It was only then, said the airline, that air stairs were hooked up so that emergency crews could get in to the cabin.

At around 9 p.m., four hours after the two planes touched down — and “after practically all other diverted flights had been refuelled” — the two planes finally got their fuel, the airline said.

Flight 507 was then able to take off, but “fuel starvation” caused problems with Flight 157’s onboard systems. It wasn’t until six hours after it landed that 157 was able to go “wheels up,” Air Transat said.

“Per the above, Air Transat submits that a confluence of factors beyond our control led directly to our inability to minimize the weather-related diversion delays of the affected flights, deplane passengers from stranded aircraft and provide minimal levels of comfort to our passengers onboard,” the airline concluded in its response.

Refuelling not airport’s responsibility

Some of the claims in Air Transat’s response fly counter to what the Ottawa International Airport Authority said following the incident.

At the time, the authority said there was both a gate and air stairs available, and they were prepared to bring supplies beyond just bottled water to the stranded passengers — but never received clearance from Air Transat.

‘At no time did the Air Transat crew or its ground handler request fuelling assistance.’ -Ottawa International Airport Authority

Air Transat staff were also “uncommunicative” that night, the authority said in its initial statement.

In a follow-up statement Wednesday, the airport authority said that airlines like Air Transat would have their affairs managed at airports by “third party” ground handling firms, not airport staff.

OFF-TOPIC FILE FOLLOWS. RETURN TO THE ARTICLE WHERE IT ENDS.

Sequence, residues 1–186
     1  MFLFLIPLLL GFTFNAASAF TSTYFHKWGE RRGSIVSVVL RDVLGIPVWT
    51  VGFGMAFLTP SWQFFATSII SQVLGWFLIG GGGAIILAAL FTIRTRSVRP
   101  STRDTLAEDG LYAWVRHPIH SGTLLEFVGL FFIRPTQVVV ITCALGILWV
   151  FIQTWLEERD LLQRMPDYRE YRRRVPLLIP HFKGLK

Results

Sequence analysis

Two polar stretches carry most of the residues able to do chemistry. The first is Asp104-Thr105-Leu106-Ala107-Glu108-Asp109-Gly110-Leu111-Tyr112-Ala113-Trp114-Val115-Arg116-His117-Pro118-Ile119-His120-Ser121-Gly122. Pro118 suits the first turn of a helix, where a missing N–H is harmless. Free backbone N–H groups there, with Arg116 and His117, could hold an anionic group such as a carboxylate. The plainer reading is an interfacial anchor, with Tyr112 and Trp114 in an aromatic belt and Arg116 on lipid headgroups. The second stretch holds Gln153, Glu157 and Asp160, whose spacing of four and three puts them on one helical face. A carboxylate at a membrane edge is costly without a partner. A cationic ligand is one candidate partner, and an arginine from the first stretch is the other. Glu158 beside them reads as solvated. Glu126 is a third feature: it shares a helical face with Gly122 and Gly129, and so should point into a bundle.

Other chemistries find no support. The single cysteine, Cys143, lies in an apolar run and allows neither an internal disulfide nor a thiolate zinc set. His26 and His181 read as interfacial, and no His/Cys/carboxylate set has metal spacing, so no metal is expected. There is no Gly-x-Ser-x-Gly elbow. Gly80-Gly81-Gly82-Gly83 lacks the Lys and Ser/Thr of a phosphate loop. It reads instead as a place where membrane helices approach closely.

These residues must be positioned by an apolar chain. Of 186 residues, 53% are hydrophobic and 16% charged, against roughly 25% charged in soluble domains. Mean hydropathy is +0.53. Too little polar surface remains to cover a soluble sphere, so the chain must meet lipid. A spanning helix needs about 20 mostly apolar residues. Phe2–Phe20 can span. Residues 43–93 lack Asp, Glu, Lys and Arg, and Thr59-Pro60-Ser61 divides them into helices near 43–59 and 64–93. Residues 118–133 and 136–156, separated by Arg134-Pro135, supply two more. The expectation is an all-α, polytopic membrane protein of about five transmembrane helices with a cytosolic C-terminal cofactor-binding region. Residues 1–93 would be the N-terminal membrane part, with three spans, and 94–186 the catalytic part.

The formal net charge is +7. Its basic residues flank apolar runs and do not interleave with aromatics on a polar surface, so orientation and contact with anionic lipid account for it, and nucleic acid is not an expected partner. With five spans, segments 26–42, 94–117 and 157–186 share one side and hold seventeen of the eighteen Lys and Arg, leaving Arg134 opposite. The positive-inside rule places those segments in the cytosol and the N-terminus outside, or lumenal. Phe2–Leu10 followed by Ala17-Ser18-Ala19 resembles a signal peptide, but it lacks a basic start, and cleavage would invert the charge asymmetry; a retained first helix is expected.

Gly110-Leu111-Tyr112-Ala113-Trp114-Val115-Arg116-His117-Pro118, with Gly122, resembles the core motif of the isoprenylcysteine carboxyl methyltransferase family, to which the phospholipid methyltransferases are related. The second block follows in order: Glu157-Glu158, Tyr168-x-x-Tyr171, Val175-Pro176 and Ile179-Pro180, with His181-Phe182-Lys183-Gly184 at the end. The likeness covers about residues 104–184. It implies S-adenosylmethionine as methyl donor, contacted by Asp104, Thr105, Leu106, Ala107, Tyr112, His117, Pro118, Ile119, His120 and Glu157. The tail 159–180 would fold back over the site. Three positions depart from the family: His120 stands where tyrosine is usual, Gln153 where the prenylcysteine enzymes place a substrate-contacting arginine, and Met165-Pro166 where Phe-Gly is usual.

Those firms’ responsibilities include arranging refuelling services, the authority said.

“The airport does not determine the priority of refuelling activity. This is determined by the airlines who request refuelling through their ground handlers,” the airport authority said in its statement.

Krista Kealey

Ottawa International Airport Authority spokeswoman Krista Kealey told CBC News that all refueling services are provided by ‘third-party’ workers under contract with the airport — not airport authority employees. (Giacomo Panico/CBC)

“At no time did the Air Transat crew or its ground handler request fuelling assistance or a gate from the airport authority.”

Airport authority spokesperson Krista Kealey also said that any airline that diverts to the Ottawa airport would be charged $2,000, plus an additional $3,000 if they decided to allow their passengers to disembark and use the airport’s terminal. 

The Canadian Transportation Agency has now scheduled a public hearing into the stranded passenger saga to take place Aug. 30 and Aug. 31 in Ottawa.

If it finds Air Transat did not abide by the terms of its international tariff — a document that sets out its obligations to its passengers — the CTA could order the airline to financially compensate the passengers on board the two planes.

The inquiry will not tackle “broader questions” about tarmac delays at Canadian airports, but rather the specific events that took place July 31 at the Ottawa airport, the CTA said.